Clipper facts for kids
Clipper ships were mostly made in British and American shipyards, but France, the Netherlands and other countries also made some. Clippers sailed all over the world, especially on the trade routes between the United Kingdom and its colonies in the east, in trans-Atlantic trade, and the New York-to-San Francisco route round Cape Horn during the California Gold Rush. Dutch clippers were built beginning in 1850s for bringing tea to Europe and taking passengers to and from Java.
Origin and usage of "clipper"
The term "clipper" most likely derives from the verb "clip", which in former times meant, among other things, to run or fly swiftly. Dryden, the English poet, used the word "clip" to describe the swift flight of a falcon in the 17th century when he said "And, with her eagerness the quarry missed, Straight flies at check, and clips it down the wind." The ships appeared to clip along the ocean water. The term "clip" became synonymous with "speed" and was also applied to fast horses and sailing ships. "To clip it," and "going at a good clip," are familiar expressions to this day.
While the first application of the term "clipper" in a nautical sense is by no means certain, it seems to have had an American origin when applied to the Baltimore clippers of the late 18th century. When these vessels of a new model were built, which were intended to "clip" over the waves rather than plough through them, the improved type of craft became known as "clippers" because of their speed.
A clipper is often confused with a windjammer, but they are two completely different types of ship. Clippers were optimized for speed only and carrying highly priced cargo on small quantities, such as tea, spices or opium; a windjammer is a large sailing ship optimized for cargo capacity, ease of handling and carrying low priced bulk cargo, such as grain, fertilizers or lumber. Whereas clippers had very short lifespans - most were scrapped after only two decades of service, windjammers could have 50+ years' service life, and several windjammers are still today in use as school ships.
The first ships to which the term "clipper" seems to have been applied were the Baltimore clippers. Baltimore clippers were topsail schooners developed in the Chesapeake Bay before the American Revolution, and which reached their zenith between 1795 and 1815.
The Flying Cloud was a clipper ship that set the world's sailing record for the fastest passage between New York and San Francisco, 89 days 8 hours. She held this record for over 100 years, from 1854 to 1989.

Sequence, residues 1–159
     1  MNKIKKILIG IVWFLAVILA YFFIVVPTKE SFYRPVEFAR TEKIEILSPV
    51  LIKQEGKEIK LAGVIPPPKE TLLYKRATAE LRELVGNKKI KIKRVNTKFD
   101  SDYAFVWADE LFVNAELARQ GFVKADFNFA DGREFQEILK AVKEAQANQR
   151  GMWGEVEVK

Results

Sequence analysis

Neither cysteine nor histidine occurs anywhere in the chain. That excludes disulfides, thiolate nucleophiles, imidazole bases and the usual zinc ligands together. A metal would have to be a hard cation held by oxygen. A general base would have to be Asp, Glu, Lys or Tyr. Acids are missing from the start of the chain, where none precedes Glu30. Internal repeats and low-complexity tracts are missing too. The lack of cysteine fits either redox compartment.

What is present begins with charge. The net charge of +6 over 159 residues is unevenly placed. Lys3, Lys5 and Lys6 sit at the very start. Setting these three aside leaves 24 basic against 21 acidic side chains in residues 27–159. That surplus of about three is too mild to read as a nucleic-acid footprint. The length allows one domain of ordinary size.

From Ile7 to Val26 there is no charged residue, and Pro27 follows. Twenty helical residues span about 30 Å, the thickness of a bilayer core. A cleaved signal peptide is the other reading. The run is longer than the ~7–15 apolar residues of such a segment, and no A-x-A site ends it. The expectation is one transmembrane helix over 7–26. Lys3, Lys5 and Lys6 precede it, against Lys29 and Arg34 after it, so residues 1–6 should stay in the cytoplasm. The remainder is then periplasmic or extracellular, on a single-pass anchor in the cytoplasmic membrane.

Among the most notable clippers were the China clippers, also called Tea clippers or Opium clippers, designed to ply the trade routes between Europe and the East Indies. The last example of these still in reasonable condition was Cutty Sark, preserved in dry dock at Greenwich, United Kingdom. Damaged by fire on 21 May 2007 while undergoing conservation, the ship was permanently elevated three meters above the dry dock floor in 2010 as part of a plan for long-term preservation.
Clippers were built for seasonal trades such as tea, where an early cargo was more valuable, or for passenger routes. The fast ships were ideally suited to low-volume, high-profit goods, such as tea, opium, spices, people, and mail.Competition among the clippers was public and fierce, with their times recorded in the newspapers. The ships had short-expected lifetimes and rarely outlasted two decades of use before they were broken up for salvage.
Decline in the use of clippers started with the economic slump following the Panic of 1857 and continued with the gradual introduction of the steamship.
Clipper ship sailing cards
Departures of clipper ships, mostly from New York and Boston to San Francisco, were advertised by clipper ship sailing cards. These cards, slightly larger than today’s postcards, were produced by letterpress and wood engraving on coated card stock. Most clipper cards were printed in the 1850s and 1860s, and represented the first pronounced use of color in American advertising art.
Relatively few (perhaps 3,500) cards survive today. With their stunning appearance, rarity, and importance as artifacts of nautical, Western, and printing history, clipper cards are highly prized by both private collectors and institutions.
Images for kids
Clipper Facts for Kids. Kiddle Encyclopedia.